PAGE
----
Yock, Thanks for that note on dehydration, I will look out for that in myeslf now when I do have to take the tablets.

7:50 a.m. on April 20, 2010 (EDT)
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Eating honey that is produced by bees in you local area supposedly works much like a natural allergy vaccination. The honey has those allergens is very small doses and as you eat a little bit on a regular basis it helps build up your immunity.

I still have bouts with allergies, but nothing like it was before I started eating the honey produced here on the property.

7:53 a.m. on April 20, 2010 (EDT)
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You can't treat allergy symptoms with honey, but many suggest you can innoculate yourself with it. Honey is a manufactured product (manufactured by bees, that is) with pollen as its main ingredient. The idea is that ingesting honey exposes you to a large amount of pollen in a state more easily accepted by your body. The theory is that once your body recognizes the pollen as safe it no longer triggers a histamine response to try and flush the intruding substance from your body.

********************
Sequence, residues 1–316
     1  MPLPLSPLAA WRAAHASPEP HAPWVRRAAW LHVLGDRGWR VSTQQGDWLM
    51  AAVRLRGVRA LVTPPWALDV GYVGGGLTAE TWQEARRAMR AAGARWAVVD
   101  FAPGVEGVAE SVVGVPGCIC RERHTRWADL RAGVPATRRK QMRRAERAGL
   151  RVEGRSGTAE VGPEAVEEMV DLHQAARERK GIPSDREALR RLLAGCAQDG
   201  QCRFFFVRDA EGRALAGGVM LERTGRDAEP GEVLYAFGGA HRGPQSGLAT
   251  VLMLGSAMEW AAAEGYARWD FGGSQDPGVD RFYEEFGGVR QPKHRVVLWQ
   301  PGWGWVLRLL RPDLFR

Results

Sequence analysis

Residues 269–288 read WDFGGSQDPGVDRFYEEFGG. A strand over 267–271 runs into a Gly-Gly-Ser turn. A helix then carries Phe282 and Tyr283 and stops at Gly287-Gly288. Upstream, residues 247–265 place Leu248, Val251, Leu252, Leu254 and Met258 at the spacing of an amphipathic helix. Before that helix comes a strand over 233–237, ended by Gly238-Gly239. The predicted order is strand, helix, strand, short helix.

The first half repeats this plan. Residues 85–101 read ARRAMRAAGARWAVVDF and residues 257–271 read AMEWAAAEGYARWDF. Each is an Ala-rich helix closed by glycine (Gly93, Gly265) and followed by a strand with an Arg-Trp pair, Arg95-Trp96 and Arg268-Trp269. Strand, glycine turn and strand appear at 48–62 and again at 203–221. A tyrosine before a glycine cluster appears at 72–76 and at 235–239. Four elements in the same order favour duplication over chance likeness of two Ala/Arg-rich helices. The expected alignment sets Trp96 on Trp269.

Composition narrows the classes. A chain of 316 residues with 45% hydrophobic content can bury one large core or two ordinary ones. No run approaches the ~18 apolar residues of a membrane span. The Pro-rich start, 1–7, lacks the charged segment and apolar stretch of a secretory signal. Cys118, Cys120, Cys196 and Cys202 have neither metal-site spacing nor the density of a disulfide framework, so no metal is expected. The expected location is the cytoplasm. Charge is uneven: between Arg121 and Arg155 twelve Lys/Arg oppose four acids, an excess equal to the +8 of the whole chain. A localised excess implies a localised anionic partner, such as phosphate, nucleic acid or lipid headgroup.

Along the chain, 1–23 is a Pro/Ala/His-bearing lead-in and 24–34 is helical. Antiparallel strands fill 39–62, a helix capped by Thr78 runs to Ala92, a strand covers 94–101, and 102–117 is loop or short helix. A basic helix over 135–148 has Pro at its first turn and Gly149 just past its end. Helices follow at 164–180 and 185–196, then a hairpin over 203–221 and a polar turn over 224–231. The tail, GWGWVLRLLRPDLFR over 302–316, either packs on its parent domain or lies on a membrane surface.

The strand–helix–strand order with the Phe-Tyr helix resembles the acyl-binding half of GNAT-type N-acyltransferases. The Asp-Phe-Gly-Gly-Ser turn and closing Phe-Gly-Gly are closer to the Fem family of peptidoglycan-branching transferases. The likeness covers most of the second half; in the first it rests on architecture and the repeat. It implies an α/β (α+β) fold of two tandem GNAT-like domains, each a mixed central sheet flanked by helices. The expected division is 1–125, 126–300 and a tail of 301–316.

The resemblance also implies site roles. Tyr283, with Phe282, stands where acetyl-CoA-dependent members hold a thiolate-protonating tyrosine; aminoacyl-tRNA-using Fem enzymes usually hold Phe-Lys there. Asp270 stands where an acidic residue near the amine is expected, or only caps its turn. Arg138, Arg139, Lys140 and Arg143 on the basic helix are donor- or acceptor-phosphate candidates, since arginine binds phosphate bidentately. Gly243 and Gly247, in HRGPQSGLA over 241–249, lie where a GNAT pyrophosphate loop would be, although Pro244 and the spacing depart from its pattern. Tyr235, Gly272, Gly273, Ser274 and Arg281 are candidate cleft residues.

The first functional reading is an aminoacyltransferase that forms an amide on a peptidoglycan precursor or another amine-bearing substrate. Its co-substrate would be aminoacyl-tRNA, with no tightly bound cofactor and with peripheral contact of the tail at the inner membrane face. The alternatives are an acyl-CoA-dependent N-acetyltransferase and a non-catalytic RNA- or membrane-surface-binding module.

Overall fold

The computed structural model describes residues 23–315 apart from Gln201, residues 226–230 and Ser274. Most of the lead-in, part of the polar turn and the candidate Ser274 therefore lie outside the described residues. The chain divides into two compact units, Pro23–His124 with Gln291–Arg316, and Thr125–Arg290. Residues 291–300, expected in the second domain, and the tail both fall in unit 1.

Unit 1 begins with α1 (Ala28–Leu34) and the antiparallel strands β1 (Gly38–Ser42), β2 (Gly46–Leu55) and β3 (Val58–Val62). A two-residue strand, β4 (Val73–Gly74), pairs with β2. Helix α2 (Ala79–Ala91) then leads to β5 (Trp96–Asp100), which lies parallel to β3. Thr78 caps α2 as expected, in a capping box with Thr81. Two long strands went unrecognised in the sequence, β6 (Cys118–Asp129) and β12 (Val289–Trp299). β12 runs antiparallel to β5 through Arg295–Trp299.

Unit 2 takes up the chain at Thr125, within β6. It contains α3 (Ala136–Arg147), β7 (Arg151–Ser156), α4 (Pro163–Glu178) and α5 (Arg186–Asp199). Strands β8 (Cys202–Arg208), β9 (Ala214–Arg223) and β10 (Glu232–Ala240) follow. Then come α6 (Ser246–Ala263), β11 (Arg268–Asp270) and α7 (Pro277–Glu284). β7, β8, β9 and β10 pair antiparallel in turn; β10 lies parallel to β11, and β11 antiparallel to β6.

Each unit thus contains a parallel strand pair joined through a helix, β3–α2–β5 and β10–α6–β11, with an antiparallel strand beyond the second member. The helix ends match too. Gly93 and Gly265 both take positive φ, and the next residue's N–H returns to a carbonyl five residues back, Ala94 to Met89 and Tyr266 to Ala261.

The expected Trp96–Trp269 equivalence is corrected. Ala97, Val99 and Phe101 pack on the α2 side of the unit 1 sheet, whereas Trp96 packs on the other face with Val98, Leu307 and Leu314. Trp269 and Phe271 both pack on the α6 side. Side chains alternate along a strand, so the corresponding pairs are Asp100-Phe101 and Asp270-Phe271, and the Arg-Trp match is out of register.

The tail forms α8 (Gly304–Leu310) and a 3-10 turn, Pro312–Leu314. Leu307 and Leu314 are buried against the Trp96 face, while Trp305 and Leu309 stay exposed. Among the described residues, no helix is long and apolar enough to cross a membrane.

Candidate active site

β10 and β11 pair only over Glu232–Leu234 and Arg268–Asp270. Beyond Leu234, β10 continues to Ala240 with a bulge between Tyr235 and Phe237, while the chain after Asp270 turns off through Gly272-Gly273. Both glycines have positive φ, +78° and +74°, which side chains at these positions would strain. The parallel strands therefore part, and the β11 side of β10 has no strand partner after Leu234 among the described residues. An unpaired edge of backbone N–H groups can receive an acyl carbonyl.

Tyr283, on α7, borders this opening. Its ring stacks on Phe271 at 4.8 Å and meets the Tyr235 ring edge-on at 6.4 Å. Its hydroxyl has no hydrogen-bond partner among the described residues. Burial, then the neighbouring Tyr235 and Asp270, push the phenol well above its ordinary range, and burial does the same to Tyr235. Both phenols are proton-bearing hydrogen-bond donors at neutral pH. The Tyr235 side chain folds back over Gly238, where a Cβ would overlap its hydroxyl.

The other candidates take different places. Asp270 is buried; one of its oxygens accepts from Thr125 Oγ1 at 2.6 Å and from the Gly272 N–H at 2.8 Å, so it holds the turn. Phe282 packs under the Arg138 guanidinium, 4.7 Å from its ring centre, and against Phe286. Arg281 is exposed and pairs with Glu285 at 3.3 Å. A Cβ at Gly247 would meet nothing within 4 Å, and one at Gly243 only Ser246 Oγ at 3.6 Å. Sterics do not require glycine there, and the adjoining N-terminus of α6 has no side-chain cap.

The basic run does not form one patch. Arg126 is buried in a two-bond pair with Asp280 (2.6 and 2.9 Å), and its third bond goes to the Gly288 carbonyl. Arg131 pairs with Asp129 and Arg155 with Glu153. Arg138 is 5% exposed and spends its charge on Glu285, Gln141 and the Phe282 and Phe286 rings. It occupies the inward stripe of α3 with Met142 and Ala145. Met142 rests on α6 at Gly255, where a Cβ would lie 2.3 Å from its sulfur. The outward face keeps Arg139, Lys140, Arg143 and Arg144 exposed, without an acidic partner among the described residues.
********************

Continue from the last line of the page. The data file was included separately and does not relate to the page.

Assuming that honey does have this effect on your body, different bodies will still react in different ways. Just like some people have allergic reactions to some vaccines, a sudden influx of pollen byproducts could trigger a larger histamine response rather than a smaller one. In the end, there isn't any scientific proof that it works and my personal opinion is that any supposed remedy should be treated with skepticism before spending large amounts of money maintaining a regimen.

Then again, honey is quite delicious. I totally wouldn't fault you if you used it as an excuse to have bisciuts drenched in honey every morning for breakfast. Yeah, now I'm hungry...

9:09 a.m. on April 20, 2010 (EDT)
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As already stated honey seems to provide some preventative measures and help your body accept pollen better.

Honey is also a great food supplement, as is the Bee Complex Tablets you can buy that contain Bee Pollen, Bee Propolis, & Royal Jelly.

3:58 p.m. on April 20, 2010 (EDT)